Toys "R" Us' woes signal an uncertain future for the toy retailer as it succumbs to the threat of e-commerce. However, players, as well as investors, are alarmed that this could be an indication of a calamity that industry has to face in the near future.
In the past decade, retailers have been suffering from lower footfalls as consumers spend more time e-shopping. CMC Markets UK chief market analyst Michael Hewson
told the Financial Post that e-commerce has now affected general retail, especially those who have not adapted to what the likes of Amazon are doing.
Hewson said the biggest problems of the beleaguered toy retailer were actually self-inflicted, coming from the debt it had when it was taken private in 2005. The analyst pointed out that Toys "R" Us’ margins have been under a perpetual pressure as it faced heated competition from e-commerce players and other bigger brands.
“This has been its biggest problem for the last 12 years and show why it has failed to deliver a profit in the last four years,” he said.
Toys "R" Us submitted its Chapter 11 filing last week to alleviate its financial troubles amidst the blows from e-commerce players.
The filing for bankruptcy would give the toy retailer a chance to restructure its $400 million debt due next year.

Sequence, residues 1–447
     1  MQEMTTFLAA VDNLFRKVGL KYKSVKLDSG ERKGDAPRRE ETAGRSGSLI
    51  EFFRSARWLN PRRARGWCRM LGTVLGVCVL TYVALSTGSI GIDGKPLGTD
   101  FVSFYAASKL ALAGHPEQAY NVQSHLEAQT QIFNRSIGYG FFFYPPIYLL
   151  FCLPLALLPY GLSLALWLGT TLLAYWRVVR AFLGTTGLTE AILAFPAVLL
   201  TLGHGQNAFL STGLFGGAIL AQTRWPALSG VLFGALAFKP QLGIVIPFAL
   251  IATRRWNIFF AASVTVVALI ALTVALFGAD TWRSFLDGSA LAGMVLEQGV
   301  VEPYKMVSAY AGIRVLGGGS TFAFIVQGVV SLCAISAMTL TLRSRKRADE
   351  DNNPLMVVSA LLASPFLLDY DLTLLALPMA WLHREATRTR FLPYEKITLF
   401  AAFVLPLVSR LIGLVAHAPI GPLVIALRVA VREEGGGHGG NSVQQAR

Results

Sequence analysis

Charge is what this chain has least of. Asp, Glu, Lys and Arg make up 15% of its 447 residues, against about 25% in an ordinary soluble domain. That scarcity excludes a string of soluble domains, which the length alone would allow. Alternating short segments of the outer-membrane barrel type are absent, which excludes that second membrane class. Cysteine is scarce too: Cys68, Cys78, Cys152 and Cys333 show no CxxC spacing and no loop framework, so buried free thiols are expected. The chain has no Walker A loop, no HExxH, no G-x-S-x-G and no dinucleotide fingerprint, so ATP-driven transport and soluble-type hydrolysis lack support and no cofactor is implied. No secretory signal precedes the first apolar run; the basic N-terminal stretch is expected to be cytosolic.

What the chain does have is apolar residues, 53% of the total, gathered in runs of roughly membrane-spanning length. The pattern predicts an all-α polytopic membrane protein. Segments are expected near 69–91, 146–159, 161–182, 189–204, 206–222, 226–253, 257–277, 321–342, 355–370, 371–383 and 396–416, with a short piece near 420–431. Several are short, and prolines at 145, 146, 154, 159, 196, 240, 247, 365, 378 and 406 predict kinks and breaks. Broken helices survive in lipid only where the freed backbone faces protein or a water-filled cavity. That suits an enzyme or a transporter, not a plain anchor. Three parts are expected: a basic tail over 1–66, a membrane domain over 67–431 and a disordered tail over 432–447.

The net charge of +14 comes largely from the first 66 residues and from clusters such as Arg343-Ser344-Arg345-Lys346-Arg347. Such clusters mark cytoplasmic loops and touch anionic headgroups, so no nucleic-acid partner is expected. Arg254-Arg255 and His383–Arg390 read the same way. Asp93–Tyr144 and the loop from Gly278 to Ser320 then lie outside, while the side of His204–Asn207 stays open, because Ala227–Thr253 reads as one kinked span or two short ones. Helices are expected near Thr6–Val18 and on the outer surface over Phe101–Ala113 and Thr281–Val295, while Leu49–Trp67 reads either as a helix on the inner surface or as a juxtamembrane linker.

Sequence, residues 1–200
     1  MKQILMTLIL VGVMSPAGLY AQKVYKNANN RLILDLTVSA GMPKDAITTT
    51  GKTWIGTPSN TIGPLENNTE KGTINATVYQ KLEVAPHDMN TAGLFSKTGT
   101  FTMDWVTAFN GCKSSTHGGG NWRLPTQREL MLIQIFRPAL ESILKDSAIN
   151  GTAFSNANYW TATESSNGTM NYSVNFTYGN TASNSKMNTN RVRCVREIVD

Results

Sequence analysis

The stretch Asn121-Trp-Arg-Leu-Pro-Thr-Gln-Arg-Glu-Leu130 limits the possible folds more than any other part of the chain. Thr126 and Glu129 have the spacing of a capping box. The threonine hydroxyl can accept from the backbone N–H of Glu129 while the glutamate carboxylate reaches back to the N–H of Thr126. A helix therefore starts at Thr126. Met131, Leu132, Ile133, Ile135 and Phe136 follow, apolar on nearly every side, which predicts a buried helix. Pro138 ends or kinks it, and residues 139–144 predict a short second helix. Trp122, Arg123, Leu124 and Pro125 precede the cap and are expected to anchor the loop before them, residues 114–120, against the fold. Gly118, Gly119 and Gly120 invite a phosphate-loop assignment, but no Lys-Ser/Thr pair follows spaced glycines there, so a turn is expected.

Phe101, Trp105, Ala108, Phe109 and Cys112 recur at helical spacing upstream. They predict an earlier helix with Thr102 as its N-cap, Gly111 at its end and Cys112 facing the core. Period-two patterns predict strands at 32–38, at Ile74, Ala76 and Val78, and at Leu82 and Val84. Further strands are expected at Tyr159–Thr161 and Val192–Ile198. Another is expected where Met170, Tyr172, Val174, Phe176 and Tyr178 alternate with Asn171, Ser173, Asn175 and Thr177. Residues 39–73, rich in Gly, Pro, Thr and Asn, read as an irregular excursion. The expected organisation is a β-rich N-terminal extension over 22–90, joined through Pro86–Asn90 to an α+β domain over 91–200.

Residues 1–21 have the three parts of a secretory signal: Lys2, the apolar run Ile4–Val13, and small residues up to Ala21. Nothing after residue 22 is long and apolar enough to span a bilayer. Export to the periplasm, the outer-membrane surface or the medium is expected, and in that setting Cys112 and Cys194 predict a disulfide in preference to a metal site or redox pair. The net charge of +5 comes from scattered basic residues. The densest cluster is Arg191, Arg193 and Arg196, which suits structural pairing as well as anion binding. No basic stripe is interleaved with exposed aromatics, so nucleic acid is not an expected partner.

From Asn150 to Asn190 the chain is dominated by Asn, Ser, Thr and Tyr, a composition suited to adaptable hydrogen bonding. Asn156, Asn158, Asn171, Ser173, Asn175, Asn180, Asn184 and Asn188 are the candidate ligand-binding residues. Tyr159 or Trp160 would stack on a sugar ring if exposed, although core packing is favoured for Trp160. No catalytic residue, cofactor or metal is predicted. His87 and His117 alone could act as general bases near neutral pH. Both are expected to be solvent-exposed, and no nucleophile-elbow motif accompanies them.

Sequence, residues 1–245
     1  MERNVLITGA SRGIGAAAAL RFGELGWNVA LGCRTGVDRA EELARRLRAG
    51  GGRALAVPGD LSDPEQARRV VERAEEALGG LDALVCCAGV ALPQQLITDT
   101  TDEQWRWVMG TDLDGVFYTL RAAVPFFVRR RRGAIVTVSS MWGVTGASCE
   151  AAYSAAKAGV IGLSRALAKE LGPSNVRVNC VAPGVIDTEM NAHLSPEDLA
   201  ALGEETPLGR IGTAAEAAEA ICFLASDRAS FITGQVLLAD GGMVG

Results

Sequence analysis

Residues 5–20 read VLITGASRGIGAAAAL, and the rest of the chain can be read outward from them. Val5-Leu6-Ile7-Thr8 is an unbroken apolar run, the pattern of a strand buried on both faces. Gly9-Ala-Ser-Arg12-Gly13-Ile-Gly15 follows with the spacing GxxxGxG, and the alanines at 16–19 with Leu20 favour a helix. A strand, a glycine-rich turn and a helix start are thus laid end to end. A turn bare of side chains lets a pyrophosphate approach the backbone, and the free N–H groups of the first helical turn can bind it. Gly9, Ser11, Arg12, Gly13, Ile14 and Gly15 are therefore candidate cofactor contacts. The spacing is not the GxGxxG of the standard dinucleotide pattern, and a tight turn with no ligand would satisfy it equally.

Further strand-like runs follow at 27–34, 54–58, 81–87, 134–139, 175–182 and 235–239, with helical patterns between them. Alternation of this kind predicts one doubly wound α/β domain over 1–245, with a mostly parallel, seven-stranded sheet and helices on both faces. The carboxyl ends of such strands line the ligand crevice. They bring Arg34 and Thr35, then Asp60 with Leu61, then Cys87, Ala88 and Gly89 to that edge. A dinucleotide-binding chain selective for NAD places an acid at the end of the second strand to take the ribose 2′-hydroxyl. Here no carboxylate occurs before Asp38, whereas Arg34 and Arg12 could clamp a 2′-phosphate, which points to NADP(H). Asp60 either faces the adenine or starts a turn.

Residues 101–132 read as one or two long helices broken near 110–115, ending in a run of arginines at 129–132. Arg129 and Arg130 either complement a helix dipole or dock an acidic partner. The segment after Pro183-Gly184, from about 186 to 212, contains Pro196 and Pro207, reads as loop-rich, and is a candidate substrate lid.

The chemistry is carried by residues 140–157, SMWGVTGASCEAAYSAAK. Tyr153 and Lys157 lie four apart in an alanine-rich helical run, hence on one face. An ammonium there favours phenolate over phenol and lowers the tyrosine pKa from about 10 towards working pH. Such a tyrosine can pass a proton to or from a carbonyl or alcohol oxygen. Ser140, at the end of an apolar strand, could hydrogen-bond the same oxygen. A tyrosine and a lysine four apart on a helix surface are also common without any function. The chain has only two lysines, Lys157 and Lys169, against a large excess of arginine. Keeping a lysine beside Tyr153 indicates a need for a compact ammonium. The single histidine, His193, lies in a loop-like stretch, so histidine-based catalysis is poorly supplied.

For market watchers, this is particularly concerning given that the retail sector is about to enter its busiest time of the year during the holidays.
However, the so-called retail apocalypse may not be the case at all. According to a separate report from the Harvard Business Review (HBR), the problem is not with retail itself but with the inability of firms to adapt.
The report said the challenge is to see that physical stores are not just there to drive transactions. Stores are shifting to becoming a place where retailers build relationships, offer services, upsell, and solve queries -- things which cannot be done online.
The HBR noted that Toys "R" Us could have followed this model by setting up playrooms where children can test their latest collection of toys.
In the end, HBR concluded that for businesses to thrive, it has to address the shifting economics of retail instead of optimising an outdated business model.
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